RCEP must not be another TPP, say 316 regional civil society groups
In a letter to trade ministers and negotiators (below), the organisations wrote that attempts to “import TPP texts into the RCEP” should be rejected.
“It is clear that the TPP has been soundly rejected by the American people and there has also been widespread opposition to it in other TPP countries on both sides of the Pacific.
“We call upon the governments participating in the RCEP to recognize this critical moment and not to bring the toxic content of the TPP into the RCEP.”
AFTINET Convener Dr Patricia Ranald said leaked documents confirm that many of the worst TPP provisions have been proposed in various RCEP chapters.
“The RCEP includes rules that give more rights to corporations at the expense of people and the planet, and restrict governments from regulating in the public interest,” said Dr Ranald.
“For example, there is a push to include TPP-like medicine monopolies which will allow pharmaceutical companies to charge higher prices for longer, threatening access to lifesaving medicines across the Asia Pacific.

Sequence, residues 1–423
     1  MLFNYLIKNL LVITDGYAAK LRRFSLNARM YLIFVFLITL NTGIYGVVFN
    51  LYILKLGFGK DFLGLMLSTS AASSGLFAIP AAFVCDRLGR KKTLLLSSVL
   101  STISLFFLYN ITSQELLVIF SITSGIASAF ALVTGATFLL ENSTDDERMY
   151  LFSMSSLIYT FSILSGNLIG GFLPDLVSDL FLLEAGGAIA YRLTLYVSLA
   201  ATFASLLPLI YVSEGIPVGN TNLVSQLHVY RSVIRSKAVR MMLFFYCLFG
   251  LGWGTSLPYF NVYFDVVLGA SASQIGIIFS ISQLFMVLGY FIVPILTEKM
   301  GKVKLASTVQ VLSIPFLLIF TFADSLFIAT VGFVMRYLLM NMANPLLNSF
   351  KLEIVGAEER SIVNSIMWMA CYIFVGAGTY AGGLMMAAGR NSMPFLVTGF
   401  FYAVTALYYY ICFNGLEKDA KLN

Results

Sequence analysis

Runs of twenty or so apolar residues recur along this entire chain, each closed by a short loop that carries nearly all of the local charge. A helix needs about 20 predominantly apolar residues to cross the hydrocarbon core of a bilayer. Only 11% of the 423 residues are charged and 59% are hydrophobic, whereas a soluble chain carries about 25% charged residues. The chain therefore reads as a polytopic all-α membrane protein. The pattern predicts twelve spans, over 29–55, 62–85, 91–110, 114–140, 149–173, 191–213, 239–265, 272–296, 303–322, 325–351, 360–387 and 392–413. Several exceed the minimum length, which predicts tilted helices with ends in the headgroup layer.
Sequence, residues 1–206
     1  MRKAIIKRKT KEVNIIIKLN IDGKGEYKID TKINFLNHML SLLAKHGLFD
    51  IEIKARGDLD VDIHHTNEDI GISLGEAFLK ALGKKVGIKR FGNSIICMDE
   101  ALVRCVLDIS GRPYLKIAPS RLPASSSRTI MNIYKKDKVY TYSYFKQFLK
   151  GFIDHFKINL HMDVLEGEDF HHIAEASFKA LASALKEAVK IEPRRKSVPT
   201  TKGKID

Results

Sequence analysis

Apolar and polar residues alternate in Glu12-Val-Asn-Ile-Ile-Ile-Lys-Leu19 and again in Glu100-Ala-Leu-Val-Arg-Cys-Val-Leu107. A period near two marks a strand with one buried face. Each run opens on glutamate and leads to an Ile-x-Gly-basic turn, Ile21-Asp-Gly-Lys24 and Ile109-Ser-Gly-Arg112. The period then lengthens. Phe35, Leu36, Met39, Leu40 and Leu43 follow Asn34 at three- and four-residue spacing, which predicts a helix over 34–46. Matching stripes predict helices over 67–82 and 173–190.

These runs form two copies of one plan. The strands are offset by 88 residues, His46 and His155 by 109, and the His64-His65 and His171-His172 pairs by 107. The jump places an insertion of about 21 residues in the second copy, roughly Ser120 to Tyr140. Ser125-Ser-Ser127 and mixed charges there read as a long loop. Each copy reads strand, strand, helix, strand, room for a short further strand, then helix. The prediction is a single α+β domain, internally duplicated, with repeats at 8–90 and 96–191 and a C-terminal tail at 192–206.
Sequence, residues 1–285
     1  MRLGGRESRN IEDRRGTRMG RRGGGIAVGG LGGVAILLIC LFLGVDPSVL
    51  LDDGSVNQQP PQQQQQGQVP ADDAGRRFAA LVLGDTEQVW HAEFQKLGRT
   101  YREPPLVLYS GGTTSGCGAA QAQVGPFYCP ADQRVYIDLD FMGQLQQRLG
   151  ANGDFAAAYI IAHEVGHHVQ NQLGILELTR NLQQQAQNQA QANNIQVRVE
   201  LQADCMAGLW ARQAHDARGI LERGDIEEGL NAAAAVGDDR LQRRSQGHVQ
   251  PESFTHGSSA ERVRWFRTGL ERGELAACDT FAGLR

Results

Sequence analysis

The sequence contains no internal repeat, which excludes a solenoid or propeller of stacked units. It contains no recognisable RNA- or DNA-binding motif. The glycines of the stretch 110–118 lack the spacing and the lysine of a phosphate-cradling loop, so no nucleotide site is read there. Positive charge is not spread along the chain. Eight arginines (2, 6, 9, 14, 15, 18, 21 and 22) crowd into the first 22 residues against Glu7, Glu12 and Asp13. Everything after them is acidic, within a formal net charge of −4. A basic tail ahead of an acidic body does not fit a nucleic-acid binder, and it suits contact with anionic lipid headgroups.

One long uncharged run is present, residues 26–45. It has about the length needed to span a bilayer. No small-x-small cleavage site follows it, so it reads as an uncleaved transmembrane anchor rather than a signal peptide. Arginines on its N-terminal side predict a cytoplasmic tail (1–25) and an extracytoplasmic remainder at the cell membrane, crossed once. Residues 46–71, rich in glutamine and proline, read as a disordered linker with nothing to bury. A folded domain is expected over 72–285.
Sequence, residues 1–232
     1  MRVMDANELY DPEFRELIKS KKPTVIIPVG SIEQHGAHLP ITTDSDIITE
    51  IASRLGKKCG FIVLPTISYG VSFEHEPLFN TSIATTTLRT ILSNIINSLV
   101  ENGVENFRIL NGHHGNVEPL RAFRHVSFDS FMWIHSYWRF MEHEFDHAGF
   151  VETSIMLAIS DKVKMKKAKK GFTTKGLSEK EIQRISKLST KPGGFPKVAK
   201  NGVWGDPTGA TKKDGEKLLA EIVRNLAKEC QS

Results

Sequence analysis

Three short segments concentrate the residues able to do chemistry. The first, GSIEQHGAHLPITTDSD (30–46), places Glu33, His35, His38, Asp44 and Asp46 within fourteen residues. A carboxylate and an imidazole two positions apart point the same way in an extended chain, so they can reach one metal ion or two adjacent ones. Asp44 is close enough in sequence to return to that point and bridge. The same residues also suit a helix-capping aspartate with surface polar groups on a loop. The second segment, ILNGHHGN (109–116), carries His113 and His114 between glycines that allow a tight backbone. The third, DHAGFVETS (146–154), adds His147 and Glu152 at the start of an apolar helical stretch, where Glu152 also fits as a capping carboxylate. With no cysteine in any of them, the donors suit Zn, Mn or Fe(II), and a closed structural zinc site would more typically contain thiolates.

“There are also proposals to give foreign investor rights to sue governments (ISDS), despite overwhelming opposition to this unfair system. Cases against health, environment and other public interest legislation continue to increase and even the threat of an ISDS case has been enough for governments to abandon new policies.
“Ultimately these proposals were so unpopular with the public that the TPP fell over, despite many years of painstaking negotiations.
“Our leaders must not make the same mistake again: RCEP negotiations should be open and transparent and the deal should focus on creating fairer trade rules to benefit people and the planet.
“Trying to push through TPP provisions under a different name simply will not work.”
*The RCEP includes 10 ASEAN countries plus China, India, Japan, South Korea, Australia and New Zealand
Read the Civil Society Open letter to Governments in the 16 RCEP Countries here
Download the PDF here